If you have violas now is the time to take the cuttings and start to bring those tender plants in from the garden, especially in the northern areas where frosts can begin in the later part of the month.

Extend the colour through to the end of the season with plants such as Chrysanthemum, Aster, Daisy and Sedum. You can also start to divide up large border perennials as the temperature cools to fills gaps next year – don’t forget to water them in though. Try our Kent & Stowe Perennial Spade.

dividing perennial spade kent and stowe

Prune back roses

Earlier in the year we pruned our floribunda, hybrid tea and climbing roses and now is time to tackle the rambling rose varieties such as the “Dorothy Perkins”, “Minnehaha” and “Hiawatha” sadly not as common as they once where as many of these rambling varieties can suffer from mildew but if you have one in your garden they should be pruned as soon as flowering has finished, cutting each flowering branch back to ground level and training in the strong new shoots from the base of the plants. Use a sharp pair of snips or secateurs.

If rose leaves have developed black spot over the late summer it’s worth taking time to remove all affected leaves, including those that have already fallen. This will stop spores overwintering and should help prevent infection of next year’s growth. Do not put diseased leaves on your compost heap.

Kitchen Garden Jobs

Pick autumn raspberries

Pick on a dry day as wet berries will quickly deteriorate when picked. Raspberries are best used and eaten immediately for the intense flavour. If you do want to freeze them, the slightly unripe raspberries are best for this.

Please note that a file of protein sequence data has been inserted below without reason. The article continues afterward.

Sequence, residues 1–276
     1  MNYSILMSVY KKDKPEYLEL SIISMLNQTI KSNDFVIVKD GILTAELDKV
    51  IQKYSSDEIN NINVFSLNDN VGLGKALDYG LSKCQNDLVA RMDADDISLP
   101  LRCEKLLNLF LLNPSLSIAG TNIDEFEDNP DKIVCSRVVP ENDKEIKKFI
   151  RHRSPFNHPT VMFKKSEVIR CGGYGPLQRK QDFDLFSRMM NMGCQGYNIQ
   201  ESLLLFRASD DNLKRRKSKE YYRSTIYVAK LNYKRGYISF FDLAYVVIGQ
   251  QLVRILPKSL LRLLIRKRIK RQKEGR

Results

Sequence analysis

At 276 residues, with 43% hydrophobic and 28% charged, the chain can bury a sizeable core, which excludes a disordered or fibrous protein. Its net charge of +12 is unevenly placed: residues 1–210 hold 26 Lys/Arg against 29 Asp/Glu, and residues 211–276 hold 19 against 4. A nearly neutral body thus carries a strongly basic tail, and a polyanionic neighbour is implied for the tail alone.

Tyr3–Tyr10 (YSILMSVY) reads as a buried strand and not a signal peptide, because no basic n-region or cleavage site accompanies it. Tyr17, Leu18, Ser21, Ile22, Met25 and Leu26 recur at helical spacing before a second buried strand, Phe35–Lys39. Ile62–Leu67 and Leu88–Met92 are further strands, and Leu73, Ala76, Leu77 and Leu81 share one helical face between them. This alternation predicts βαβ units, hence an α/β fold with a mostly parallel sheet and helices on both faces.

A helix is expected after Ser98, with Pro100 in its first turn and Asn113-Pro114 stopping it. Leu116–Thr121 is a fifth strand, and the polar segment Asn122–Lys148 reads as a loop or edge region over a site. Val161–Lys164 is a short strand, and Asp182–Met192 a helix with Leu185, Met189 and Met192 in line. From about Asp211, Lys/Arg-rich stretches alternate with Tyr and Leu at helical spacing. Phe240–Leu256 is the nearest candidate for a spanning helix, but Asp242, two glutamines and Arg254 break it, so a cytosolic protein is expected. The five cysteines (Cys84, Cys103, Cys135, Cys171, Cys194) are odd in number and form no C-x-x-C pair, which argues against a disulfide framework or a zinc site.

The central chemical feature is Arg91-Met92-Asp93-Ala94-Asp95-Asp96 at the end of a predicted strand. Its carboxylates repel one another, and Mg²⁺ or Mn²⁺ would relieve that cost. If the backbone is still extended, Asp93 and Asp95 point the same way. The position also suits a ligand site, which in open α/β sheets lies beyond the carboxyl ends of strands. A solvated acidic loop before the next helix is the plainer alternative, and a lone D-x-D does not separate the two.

Why not try this Raspberry Jam recipe

Ingredients (makes about 3 jam jars & keeps for about 6 months):

  • 500g raspberries
  • 500g white granulated sugar
  • Zest of a lemon


  1. Preheat the oven to 200F/Gas 2
  2. Put 3 small plates in the freezer to chill
  3. Pour the ingredients into a large pan on the hob and cook on a low heat until the berries melt into the sugar. You shouldn’t be able to see any sugar crystals
  4. Once dissolved, bring to the boil for 5 minutes
  5. Take off the heat and take a cold plate from the freezer and drop a teaspoon of jam on it. You’ll need to leave it for about a minute to see if it sets – if you can see the surface wrinkling it means your jam is ready to put into the jam jars
  6. If still runny, place back onto the heat and bring to the boil for another couple of minutes before testing again – repeat this step until set
  7. Once set, take off the heat, and remove any scum from surface and leave to cool for 5 minutes.
  8. Pour into your jam jars with a ladle and secure the lids.
  9. Store in a cool, dark cupboard

Fruit Harvesting

There may still be some apples and pears to harvest according to variety but don’t take these until fully ripe, check for maturity by cupping the apple or pear on the tree and lifting it upwards, if ripe the fruit will come away from the stalk readily and easily, if unsure another way is to cut into the fruit and check the seeds, if they are starting to brown off then you can harvest them as in storage they will complete the ripening process.

Lift and Store Onions

In the vegetable garden it’s a case of lifting and storing; with onions only the ripe bulbs will store well throughout the winter, so lift any remaining onion bulbs and place them in a spot with full sun to ripen them off thoroughly, if you have a glass frame in the garden you can use this as it will keep the rain off.

If you have tomato plants outside then cut off a few leaves to expose the fruit to the sun and they will ripen that much quicker.

Collect up some of the herbs in the garden – sage, parsley and thyme and dry them out or freeze them for use in the winter months.